Oliver Weindling of London’s Vortex club remembers his colleague: When he opened the Vortex in 1988, David Mossman came to the world of jazz from being a lover of risks and risk takers, which he believed the jazz musicians to be, rather than having a full knowledge of the music’s history. He had been an experienced mountaineer, hanging out with the likes of Chris Bonington in Snowdonia, as well as black cab driver during the week. He gave the opportunity to many young musicians with whom he felt an intuitive empathy rather than names more well known. As I ask many about how they got their gigs at the Vortex, for quite a few – such as Gilad Atzmon, Monica Vasconcelos and Ingrid Laubrock – they were their first gigs in any jazz venue, coming from an invitation from David once he had heard them in other things. And, once he let a musician on to the stage, he just gave them a free hand. So the link to musicians has been very close, such that now, in the book we have for people to write in about David, several have actually been writing to him as if his spirit lives on.
David was never enamoured by the chance of the Arts Council life-support system, because he hated bureaucracy. Therefore was able to keep away from any funding cuts
This continued throughout the life of the club in Stoke Newington. The move to Dalston in 2005 was forced by circumstances. Pulling out of the doomed Ocean venue, on the advice of many of his musician friends, he also lost the chance to buy the old building to a developer, who then tried to double the rent. Since it moved to Dalston, we have certainly tried to keep a similar ethos, albeit with a more co-operative management structure.
I first had contact with David around 1990 when doing work with Billy Jenkins. Billy’s own seasons at the club were wonderfully surreal. But there was a catholic taste for music from David. Indeed, when I asked him how he got to love the free improv of Derek Bailey and Evan Parker, he answered “I listened”. He encouraged quite a few bands early in their lives, for example Polar Bear (through his connection with Mark Lockheart) and many of those after the demise of Loose Tubes. But at weekends he had a programme which was more mainstream – musicians such as Ian Shaw, Stan Tracey and Alan Skidmore. David believes that he himself created the description of Stan as “Godfather of British Jazz”. These musicians were his financial security, ready to finance the (even) less commercial.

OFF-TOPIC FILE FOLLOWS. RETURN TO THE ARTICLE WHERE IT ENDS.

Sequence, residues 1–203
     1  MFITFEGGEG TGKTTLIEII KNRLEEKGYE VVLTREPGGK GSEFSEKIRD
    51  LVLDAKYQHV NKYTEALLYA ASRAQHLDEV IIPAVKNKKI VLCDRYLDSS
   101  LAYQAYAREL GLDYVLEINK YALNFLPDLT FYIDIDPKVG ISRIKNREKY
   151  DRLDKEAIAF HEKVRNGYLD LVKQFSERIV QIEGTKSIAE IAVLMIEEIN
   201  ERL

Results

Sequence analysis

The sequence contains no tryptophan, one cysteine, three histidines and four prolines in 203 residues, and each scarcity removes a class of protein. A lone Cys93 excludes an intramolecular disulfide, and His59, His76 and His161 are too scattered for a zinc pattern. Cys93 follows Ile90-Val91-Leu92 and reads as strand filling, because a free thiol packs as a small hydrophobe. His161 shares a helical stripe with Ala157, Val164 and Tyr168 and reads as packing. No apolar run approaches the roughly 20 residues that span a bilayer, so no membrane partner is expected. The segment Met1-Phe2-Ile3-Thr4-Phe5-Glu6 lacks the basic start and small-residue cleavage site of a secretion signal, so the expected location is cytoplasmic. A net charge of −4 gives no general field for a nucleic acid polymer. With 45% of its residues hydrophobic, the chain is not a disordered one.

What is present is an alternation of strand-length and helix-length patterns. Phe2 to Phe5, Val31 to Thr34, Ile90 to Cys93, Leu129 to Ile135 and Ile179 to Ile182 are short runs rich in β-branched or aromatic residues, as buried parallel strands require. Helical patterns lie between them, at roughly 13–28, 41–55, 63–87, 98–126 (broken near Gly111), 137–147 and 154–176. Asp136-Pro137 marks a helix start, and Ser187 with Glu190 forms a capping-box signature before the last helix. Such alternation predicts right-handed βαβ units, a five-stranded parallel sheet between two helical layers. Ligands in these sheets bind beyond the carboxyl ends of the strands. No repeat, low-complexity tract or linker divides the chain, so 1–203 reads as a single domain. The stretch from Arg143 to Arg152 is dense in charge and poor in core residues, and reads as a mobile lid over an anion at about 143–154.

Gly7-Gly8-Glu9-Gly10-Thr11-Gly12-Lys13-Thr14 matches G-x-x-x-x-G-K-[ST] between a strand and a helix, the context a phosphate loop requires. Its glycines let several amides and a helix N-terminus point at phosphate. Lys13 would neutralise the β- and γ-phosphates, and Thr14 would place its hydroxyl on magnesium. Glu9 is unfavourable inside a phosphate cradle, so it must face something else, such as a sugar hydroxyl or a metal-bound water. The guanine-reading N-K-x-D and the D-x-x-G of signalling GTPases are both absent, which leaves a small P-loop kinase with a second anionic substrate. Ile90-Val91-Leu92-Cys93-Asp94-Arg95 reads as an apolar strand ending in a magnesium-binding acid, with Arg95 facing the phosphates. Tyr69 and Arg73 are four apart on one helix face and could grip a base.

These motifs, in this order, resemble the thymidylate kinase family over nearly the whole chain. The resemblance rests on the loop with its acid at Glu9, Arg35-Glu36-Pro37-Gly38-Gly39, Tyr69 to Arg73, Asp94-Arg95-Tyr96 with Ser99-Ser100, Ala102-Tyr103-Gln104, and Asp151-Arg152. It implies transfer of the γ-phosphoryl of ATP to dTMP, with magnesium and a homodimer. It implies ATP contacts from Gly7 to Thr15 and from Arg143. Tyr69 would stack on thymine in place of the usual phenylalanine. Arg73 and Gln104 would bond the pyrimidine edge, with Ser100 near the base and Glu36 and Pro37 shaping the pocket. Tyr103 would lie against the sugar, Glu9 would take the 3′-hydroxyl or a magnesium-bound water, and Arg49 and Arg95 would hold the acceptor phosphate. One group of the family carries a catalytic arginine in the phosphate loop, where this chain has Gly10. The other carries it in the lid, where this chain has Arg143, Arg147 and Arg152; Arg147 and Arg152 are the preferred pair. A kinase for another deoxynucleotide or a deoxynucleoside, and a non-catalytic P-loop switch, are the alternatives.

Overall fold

The jazz clubs in London have worked out how to survive through balancing the commercial and creative. David was never enamoured by the chance of the Arts Council life-support system, because he hated bureaucracy. Therefore was able to keep away from any funding cuts or whatever. In this regard, the Vortex is very similar today. It has taken a more freewheeling attitude to the music, welcoming to the unusual, and has been able to help it out. Even in the harsher world today, we are really making the effort to keep his ethos alive and looking at ways of really making clear how important the Vortex continues to be and needs to be protected at a time of sharply rising rents and rates.
The list of who has played at the club is endless. But so you would expect, with 350 or so gigs a year for 30 years. David could never really say which was a favourite gig, though he was particularly excited by those where musicians experimented in new formats.
Latterly, David continued to come to the club every weekend, travelling up and down from Margate, mainly at weekends. And he wasn’t a figurehead. Even in his last year of life, and already heavily weakened from cancer, he was able to build a new stage downstairs. He had that improvisational flair for such work. A wonder with wood, hammer, a few nails, and Rockwool for soundproofing.
He also had his impact down in Margate, starting regular gigs in his café there and also a jazz festival. Vortex-on-Sea?
In a week that also saw the death of Peter Boizot, founder of the Pizza Express and its jazz club, it is time to consider not only how much these active lovers of this music have helped the scene here, but also how playing opportunities for the increasing number of musicians on the scene is not increasing accordingly. David has given his body to science. Here is a possible solution. If we dissect his brain, we can find his secret to making a small, innovative jazz club survive?
David Mossman, 17 July 1942 – 8 December 2018